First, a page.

By his own admission, however, he squandered the fruits of stardom. His indulgence in easy ladies and abundant booze consumed cash faster than it flowed. By the end of the sixties Rogie found himself shoulder-deep in personal crisis. He gave credit to a spiritual awakening for the renewed sense of self and purpose that pulled him from his depression.

Rogie left Sierra Leone for the United States in 1973 and settled in the San Francisco Bay area, where his gentle palm wine music crashed head-on into the barriers of America’s Top-40 mind-set. Despite several new recordings and years of live performances, he never rose beyond the level of local cult figure. His most enduring contribution of the period took the form of an African cultural program of music, lecture, and slides that he presented to adults and school children in the Bay Area. Not until 1986 when he released an album of his 1960s hits did a wider audience again beckon.

Copies of The 60s’ Sounds of S.E. Rogie sent to London fell into the hands of BBC disc jockey Andy Kershaw who couldn’t keep them off his turntables. The Kershaw connection led to a record deal with London’s Cooking Vinyl and a promotional tour of the U.K. These successes convinced Rogie to stay in England where his career once again took off. More recordings for the Workers Playtime label and tours with the WOMAD festival followed. He concentrated on performing rather than writing in this later period, recycling his old hits with new arrangements and sometimes altered lyrics and titles for the new generations who became his fans.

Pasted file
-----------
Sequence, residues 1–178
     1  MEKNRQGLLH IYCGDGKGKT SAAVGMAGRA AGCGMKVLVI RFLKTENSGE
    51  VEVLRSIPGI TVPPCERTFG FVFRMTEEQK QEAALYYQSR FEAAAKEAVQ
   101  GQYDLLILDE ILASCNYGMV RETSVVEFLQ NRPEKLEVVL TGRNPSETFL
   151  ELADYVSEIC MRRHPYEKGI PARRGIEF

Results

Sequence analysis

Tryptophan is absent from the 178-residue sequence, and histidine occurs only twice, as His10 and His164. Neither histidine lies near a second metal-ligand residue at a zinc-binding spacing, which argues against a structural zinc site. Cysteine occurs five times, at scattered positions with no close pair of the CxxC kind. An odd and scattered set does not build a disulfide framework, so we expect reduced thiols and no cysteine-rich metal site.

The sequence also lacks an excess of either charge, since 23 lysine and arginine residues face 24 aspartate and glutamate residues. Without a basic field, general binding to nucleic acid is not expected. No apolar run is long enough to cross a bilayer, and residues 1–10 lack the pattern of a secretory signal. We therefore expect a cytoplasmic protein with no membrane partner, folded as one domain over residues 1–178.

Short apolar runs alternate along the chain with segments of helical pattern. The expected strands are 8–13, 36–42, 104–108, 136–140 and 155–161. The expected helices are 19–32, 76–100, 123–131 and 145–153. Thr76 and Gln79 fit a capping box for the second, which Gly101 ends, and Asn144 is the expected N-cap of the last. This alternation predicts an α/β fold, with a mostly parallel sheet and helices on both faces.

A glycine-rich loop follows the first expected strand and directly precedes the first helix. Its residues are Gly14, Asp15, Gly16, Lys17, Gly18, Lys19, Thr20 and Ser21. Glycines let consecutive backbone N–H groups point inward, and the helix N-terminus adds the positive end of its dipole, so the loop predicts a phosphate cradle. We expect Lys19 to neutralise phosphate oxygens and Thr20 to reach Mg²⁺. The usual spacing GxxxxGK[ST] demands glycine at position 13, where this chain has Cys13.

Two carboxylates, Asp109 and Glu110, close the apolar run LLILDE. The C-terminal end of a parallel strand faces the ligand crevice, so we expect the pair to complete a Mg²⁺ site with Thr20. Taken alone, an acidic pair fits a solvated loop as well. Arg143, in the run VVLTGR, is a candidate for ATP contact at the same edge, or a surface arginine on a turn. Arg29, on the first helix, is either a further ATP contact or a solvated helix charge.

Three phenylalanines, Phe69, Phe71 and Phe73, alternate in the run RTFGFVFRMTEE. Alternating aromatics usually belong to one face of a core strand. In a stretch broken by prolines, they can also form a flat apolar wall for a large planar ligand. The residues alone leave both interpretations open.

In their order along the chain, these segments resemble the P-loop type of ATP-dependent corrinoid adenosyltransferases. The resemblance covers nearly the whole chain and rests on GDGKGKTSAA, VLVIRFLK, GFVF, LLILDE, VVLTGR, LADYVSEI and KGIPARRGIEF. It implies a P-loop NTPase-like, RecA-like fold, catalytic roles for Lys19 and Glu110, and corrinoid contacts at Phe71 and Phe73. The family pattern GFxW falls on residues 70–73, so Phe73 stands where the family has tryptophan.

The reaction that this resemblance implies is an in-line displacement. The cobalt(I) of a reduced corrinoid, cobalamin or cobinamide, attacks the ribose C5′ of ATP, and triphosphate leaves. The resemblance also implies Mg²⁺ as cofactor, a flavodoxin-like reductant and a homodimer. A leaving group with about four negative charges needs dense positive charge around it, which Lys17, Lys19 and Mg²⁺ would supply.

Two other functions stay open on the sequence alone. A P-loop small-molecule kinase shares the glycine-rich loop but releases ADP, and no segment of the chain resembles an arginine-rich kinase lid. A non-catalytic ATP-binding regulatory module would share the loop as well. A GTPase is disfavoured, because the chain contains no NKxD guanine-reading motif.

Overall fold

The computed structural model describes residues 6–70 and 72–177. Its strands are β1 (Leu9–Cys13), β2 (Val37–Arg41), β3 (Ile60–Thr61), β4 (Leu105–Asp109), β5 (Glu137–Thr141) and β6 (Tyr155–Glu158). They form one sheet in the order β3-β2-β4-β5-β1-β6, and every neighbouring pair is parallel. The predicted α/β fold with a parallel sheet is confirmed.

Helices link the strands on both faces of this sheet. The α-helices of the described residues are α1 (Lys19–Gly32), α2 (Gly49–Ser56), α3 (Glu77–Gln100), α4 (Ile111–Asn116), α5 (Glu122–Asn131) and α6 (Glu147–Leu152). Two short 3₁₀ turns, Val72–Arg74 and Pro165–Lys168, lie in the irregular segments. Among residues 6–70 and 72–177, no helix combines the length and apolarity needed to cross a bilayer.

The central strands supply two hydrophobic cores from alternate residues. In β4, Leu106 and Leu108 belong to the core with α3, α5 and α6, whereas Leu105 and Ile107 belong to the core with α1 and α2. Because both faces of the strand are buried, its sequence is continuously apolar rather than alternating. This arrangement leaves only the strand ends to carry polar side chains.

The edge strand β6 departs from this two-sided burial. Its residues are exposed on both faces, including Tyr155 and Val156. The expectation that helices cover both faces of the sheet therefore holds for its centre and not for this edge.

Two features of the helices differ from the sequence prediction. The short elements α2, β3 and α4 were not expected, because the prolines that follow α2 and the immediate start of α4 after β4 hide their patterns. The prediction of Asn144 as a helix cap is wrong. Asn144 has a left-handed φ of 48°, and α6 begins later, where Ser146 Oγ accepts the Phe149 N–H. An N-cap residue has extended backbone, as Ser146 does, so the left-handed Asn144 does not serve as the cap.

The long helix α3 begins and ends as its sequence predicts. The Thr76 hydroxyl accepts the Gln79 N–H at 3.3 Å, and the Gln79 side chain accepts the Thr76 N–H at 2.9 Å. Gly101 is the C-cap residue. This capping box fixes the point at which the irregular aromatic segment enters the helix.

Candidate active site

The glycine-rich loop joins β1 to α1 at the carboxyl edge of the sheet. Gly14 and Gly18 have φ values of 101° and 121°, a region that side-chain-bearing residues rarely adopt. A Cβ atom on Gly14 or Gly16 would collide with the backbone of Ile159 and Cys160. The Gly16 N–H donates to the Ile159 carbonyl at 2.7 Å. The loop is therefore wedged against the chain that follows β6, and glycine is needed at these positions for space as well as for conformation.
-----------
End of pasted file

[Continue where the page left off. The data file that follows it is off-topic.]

Smooth and urbane on the outside, Rogie charmed his audiences with a grandfatherly folksiness and delightful repertoire of stories and songs. Prickly and temperamental with intimates, he insisted that colleagues meet his high standards of musicianship and professionalism. A humanitarian at heart, he could appear naive and world-wise almost in the same moment. He wondered at the world’s random goodness and cursed its wanton inequities. He rued his long absence from Sierra Leone and longed for the renewed adulation of his countrymen. Rogie finally exorcised this latter demon over last New Year’s holiday with a triumphal round of concerts in Freetown to benefit refugees from the fighting in Liberia and southern Sierra Leone.